Untargeted serum metabolomics analysis of Trichinella spiralis-infected mouse.
Chienwichai P., Thiangtrongjit T., Tipthara P., Tarning J., Adisakwattana P., Reamtong O.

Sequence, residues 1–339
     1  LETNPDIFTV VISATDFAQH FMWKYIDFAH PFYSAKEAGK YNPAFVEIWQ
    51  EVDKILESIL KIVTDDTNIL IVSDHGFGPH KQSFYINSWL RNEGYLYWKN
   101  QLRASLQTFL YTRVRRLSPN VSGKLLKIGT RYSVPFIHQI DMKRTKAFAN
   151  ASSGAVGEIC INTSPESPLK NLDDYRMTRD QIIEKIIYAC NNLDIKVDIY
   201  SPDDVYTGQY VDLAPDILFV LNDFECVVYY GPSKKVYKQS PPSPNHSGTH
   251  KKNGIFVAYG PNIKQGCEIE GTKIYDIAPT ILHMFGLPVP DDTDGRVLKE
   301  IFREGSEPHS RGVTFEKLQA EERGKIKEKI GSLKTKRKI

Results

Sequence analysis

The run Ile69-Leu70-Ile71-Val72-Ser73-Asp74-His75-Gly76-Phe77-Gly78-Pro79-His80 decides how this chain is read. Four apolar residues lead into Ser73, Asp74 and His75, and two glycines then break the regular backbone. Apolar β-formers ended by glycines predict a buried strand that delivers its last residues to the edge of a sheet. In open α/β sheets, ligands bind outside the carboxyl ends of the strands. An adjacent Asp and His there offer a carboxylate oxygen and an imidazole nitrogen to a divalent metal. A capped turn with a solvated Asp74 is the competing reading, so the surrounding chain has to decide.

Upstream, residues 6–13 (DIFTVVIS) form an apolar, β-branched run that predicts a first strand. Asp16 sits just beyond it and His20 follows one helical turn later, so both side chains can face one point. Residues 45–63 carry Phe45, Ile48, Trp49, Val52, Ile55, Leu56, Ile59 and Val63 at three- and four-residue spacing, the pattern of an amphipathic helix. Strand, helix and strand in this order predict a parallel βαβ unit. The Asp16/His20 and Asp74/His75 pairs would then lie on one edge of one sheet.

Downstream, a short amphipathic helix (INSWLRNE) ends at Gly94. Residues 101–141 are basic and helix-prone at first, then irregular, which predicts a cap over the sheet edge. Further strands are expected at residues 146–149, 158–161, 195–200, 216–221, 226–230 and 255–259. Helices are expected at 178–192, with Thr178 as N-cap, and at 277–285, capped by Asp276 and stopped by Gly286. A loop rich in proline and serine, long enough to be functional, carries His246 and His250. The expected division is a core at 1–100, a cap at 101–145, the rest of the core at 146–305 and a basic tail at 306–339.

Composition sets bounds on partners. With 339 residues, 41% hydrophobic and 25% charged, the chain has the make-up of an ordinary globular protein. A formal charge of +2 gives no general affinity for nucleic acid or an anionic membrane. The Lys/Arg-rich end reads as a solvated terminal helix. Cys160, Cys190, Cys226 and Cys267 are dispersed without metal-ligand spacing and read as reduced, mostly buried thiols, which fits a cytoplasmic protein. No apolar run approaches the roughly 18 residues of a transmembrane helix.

BackgroundTrichinellosis, caused by a parasitic nematode of the genus Trichinella, is a zoonosis that affects people worldwide. After ingesting raw meat containing Trichinella spp. larvae, patients show signs of myalgia, headaches, and facial and periorbital edema, and severe cases may die from myocarditis and heart failure. The molecular mechanisms of trichinellosis are unclear, and the sensitivity of the diagnostic methods used for this disease are unsatisfactory. Metabolomics is an excellent tool for studying disease progression and biomarkers; however, it has never been applied to trichinellosis. We aimed to elucidate the impacts of Trichinella infection on the host body and identify potential biomarkers using metabolomics.Methodology/principal findingsMice were infected with T. spiralis larvae, and sera were collected before and 2, 4, and 8 weeks after infection. Metabolites in the sera were extracted and identified using untargeted mass spectrometry. Metabolomic data were annotated via the XCMS online platform and analyzed with Metaboanalyst version 5.0. A total of 10,221 metabolomic features were identified, and the levels of 566, 330, and 418 features were significantly changed at 2-, 4-, and 8-weeks post-infection, respectively. The altered metabolites were used for further pathway analysis and biomarker selection. A major pathway affected by Trichinella infection was glycerophospholipid metabolism, and glycerophospholipids comprised the main metabolite class identified. Receiver operating characteristic revealed 244 molecules with diagnostic power for trichinellosis, with phosphatidylserines (PS) being the primary lipid class. Some lipid molecules, e.g., PS (18:0/19:0)[U] and PA (O-16:0/21:0), were not present in metabolome databases of humans and mice, thus they may have been secreted by the parasites.Conclusions/significanceOur study highlighted glycerophospholipid metabolism as the major pathway affected by trichinellosis, hence glycerophospholipid species are potential markers of trichinellosis. The findings of this study represent the initial steps in biomarker discovery that may benefit future trichinellosis diagnosis.